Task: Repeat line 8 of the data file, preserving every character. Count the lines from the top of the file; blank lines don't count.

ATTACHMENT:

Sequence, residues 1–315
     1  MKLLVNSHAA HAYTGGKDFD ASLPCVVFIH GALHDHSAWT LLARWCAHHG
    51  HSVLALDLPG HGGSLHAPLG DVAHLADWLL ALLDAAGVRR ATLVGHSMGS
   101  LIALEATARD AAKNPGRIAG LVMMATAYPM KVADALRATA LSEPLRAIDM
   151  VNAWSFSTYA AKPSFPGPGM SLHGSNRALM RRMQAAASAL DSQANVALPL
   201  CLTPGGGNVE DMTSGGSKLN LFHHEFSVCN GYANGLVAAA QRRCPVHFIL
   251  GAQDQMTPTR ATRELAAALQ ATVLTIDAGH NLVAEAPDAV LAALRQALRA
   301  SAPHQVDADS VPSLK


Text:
   301  SAPHQVDADS VPSLK